Ensuring Broadband Deployment Subsidies Solve the Access Gap

Executive Summary

  • Congress created the $42.5 billion Broadband Equity, Access, and Deployment (BEAD) program to connect Americans who still lack access to high-speed, broadband internet access service, and both federal and state regulators are currently developing and implementing plans to distribute these funds.
  • Despite the significant investment, the BEAD program alone does not provide enough funding to achieve universal access to broadband services; a roughly equivalent amount of private capital must be invested to fully connect all Americans.
  • To encourage private investment in the BEAD program, Congress and the Biden Administration should narrowly focus the BEAD program on the goal of universal access to broadband and implement a broader regulatory regime that incentivizes private investment in broadband networks.


Congress created the Broadband, Equity, Access, and Deployment (BEAD) program in the Infrastructure Investment and Jobs Act to provide high-speed broadband access to all unserved Americans. The program is designed for states to develop their own plans to subsidize the deployment of broadband to their unserved communities, and states are currently undergoing the process of developing and implementing plans to distribute these funds. While Congress designed the program specifically to bridge the access gap, the National Telecommunications and Information Administration (NTIA), in implementing the program, has expanded its focus to other policy goals unrelated to expanding access to the unserved, including middle-class affordability and the preference for union labor and municipally run broadband providers.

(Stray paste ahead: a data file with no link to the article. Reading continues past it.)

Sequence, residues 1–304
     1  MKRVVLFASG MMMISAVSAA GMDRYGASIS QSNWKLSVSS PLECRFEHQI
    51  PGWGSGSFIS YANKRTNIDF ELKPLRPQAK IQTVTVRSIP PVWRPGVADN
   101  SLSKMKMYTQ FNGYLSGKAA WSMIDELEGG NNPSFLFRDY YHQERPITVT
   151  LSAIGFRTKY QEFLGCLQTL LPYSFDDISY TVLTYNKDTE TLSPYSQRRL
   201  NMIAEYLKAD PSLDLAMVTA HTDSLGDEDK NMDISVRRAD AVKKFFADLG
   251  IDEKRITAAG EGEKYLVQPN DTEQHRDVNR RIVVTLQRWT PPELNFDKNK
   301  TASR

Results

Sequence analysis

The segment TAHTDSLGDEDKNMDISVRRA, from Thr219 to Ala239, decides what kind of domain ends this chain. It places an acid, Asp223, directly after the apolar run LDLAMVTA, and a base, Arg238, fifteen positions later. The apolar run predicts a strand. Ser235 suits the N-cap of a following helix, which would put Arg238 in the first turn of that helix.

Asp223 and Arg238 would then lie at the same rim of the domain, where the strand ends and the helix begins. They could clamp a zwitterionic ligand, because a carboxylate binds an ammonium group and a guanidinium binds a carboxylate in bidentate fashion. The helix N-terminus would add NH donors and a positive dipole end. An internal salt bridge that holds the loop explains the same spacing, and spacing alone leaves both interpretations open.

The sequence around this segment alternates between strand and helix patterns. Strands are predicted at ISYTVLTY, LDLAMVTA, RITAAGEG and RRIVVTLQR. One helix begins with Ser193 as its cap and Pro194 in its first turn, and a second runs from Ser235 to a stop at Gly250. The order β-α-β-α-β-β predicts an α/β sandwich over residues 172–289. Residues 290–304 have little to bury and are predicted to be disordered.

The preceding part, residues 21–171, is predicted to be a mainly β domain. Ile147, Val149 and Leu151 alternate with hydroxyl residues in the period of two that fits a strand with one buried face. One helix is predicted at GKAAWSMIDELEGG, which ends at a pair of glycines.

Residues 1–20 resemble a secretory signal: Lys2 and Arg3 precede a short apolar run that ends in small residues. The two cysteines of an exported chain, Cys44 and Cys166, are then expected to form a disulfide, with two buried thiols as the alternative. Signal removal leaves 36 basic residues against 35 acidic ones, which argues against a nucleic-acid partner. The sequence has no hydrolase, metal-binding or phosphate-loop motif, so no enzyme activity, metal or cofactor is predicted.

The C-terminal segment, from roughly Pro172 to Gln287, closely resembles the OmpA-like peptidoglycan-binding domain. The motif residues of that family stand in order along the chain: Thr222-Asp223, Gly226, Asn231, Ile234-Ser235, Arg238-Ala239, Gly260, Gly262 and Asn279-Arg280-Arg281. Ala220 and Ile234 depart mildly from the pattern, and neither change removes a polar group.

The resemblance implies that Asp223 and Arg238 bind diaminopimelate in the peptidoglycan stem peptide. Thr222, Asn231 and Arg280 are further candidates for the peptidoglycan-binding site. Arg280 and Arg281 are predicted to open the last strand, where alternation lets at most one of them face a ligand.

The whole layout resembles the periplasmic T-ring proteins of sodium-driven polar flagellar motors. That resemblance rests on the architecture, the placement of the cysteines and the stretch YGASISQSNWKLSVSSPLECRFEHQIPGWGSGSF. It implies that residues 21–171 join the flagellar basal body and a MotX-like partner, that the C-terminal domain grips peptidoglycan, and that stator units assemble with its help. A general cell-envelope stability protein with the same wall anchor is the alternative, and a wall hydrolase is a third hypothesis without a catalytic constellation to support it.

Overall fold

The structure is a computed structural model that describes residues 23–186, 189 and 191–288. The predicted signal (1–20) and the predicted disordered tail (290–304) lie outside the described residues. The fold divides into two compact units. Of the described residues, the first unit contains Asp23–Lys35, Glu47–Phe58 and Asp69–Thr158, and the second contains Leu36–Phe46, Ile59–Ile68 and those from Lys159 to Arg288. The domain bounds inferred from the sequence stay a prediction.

NTIA’s focus on these wider policy goals will add unnecessary risk and costs to broadband deployment, thus disincentivizing broadband providers from participating in the program and investing the necessary private capital to achieve the program’s actual goal of universal access. While BEAD provides $42.5 billion to subsidize the deployment of broadband to unserved areas, the estimated cost for deploying fiber to connect all unserved Americans is approximately $85 billion, or about $6,000 per home, according to Jonathan Chaplin of New Street Research. With an average BEAD subsidy of only about $3,000 per home, the private sector would have to provide an additional investment of more than $40 billion to achieve the program’s goal. Federal and state policies on BEAD and broadband deployment more broadly should be tailored so as not to discourage private investment.